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Article published August 5, 2008

Jeep plant mulls shift to a 4-day workweek
Action could result in less overtime

Officials from United Auto Workers Local 12 and Chrysler LLC have discussed a production switch at Toledo's largest manufacturer that could institute a four-day, 10-hour workweek for most employees.

The result of the switch, if implemented, would mean most hourly workers would have Fridays, Saturdays, and Sundays off while working 10 hours per day each Monday through Thursday. It also might mean less overtime.

"It's still in the investigative phase," said Mary Beth Halprin, a spokesman for Chrysler. "We haven't made any decisions yet."

Such a workweek would allow Chrysler to save significantly on energy costs, and save employees money by cutting their commuting costs by 20 percent, Ms. Halprin said.

"There is a strong connection between the environmental and cost benefits to running a shorter schedule per week," Ms. Halprin said. "It's definitely a new trend."

She could not say how much potential savings the automaker might obtain. About 2,200 people work at the Toledo Jeep Assembly factory making the Jeep Liberty and Dodge Nitro, and 1,100 work at the factories next door making the Jeep Wrangler. Workers at the Liberty and Nitro factory have been idled because of weak demand for the vehicles, and aren't due to return for three weeks.

UAW's leader at Toledo Jeep, Dan Henneman, confirmed that discussions have taken place but said many hurdles would have to be ironed out before a proposal was taken to the membership. The local's contract with Chrysler makes provisions for such a change, which could impact overtime opportunities for UAW members.

"In this economy, if this can help the company and it gives us three days off a week, I think it's a good thing for everybody," Mr. Henneman said.

It was unclear whether workers on the Wrangler line might change because the union holds different contracts with the individual suppliers that cooperatively build the vehicle, and some of those contracts currently would make the switch cost-prohibitive.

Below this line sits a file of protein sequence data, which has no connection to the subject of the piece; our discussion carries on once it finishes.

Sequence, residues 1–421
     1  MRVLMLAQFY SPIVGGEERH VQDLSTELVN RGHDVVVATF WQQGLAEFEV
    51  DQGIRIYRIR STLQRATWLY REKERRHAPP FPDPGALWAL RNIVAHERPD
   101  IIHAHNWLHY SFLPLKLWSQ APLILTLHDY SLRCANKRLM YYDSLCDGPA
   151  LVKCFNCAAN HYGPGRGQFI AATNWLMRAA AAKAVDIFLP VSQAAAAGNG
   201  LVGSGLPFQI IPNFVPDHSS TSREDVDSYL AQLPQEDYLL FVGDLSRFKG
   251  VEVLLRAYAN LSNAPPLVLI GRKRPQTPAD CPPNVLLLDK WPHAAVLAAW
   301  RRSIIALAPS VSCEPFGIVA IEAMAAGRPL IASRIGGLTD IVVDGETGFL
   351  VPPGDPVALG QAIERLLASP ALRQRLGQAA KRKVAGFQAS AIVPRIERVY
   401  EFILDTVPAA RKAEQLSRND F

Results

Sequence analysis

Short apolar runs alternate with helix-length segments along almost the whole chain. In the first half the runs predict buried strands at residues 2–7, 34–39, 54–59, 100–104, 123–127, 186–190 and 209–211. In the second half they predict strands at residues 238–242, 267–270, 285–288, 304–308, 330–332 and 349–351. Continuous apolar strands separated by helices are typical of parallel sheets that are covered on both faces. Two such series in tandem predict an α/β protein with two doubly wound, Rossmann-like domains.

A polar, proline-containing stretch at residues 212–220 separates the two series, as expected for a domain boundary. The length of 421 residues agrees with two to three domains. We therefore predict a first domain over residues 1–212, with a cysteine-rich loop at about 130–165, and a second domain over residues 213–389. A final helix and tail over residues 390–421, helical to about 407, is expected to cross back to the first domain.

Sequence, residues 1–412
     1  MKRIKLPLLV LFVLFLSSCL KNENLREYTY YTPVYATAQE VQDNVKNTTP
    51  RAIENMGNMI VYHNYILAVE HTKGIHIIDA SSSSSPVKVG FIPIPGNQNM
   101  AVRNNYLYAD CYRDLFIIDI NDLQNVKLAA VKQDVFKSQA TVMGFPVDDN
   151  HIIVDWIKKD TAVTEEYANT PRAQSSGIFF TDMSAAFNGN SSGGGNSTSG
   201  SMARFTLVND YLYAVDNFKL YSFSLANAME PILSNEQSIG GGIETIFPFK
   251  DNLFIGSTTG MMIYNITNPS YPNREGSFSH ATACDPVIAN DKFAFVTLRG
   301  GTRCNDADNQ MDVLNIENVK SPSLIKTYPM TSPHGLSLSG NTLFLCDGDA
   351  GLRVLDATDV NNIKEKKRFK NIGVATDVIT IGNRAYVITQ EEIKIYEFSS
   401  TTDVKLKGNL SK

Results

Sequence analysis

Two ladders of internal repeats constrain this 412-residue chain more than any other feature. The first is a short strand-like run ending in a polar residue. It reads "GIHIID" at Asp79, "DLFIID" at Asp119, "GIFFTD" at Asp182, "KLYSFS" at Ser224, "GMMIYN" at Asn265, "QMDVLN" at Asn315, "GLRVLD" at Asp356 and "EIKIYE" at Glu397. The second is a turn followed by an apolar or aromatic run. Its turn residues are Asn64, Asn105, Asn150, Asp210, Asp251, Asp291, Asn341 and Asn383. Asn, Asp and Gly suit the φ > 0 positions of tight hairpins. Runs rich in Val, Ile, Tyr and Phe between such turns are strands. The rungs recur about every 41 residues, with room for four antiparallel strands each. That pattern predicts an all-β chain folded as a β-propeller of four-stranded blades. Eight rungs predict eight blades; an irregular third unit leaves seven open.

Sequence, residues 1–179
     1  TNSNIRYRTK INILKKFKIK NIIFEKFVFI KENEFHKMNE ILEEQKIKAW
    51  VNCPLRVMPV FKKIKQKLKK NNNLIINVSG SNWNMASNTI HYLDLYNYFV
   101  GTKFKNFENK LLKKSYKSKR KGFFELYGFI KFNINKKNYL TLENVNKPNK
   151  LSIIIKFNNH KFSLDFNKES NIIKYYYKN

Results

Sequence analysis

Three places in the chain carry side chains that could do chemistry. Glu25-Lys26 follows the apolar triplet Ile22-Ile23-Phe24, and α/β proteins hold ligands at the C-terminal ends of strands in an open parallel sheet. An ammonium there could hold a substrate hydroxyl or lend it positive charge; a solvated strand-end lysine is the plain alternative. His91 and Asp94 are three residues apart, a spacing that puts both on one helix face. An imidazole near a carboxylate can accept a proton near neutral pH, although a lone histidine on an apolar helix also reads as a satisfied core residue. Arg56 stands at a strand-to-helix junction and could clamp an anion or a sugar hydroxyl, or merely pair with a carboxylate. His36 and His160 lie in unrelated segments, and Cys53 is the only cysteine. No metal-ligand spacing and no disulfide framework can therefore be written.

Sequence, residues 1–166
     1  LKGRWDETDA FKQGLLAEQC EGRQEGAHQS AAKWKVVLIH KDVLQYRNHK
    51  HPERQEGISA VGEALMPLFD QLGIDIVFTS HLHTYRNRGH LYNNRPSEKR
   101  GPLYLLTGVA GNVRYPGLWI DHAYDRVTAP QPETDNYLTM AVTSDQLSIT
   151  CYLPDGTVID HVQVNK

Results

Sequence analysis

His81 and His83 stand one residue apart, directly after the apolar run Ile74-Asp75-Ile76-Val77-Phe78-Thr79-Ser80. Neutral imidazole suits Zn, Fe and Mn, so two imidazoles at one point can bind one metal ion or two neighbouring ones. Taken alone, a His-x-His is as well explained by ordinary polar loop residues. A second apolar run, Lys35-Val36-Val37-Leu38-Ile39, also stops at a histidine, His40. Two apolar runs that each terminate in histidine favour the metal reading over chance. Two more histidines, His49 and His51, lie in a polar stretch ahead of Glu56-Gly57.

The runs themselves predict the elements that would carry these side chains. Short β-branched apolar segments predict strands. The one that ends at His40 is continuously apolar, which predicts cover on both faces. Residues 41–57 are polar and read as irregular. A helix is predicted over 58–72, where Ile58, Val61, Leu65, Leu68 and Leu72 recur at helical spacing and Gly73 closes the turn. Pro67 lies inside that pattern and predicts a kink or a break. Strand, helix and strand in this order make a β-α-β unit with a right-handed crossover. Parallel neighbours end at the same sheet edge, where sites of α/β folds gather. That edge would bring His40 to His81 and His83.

Businesses of all types and sizes have moved to alternative scheduling or four-day, 10-hour work schedules as a way to help employees and employers deal with the spiraling costs of energy. Depending on the industry, such schedules can cut commuting and energy costs and improve productivity in certain instances. The additional day off can also be a boost to employee morale.

Ms. Halprin said Chrysler is studying whether to make the switch at other facilities as well.

Automakers have tried such four-day, 10-hour scheduling before. Ford Motor Co. has several assembly plants around the nation that work such shifts, but most others do not, even when local language allows it, a spokesman said.

Chrysler has been studying alternative work schedules under pilot programs for some time. The privately held automaker is currently running such a program at its parts depot centers, which distribute auto parts to its network of automotive dealerships, Ms. Halprin said. It also previously tried the 4-10 schedule at its assembly facility in Newark, N.J.

"This year, with the rise in gas prices and the business environment as a whole, it has increased the interest level" in alternative scheduling, Ms. Halprin said. However, she said the company and the union would notify Jeep employees first before such a change would be implemented.

LINK: -- Jeep plant mulls shift to a 4-day workweek
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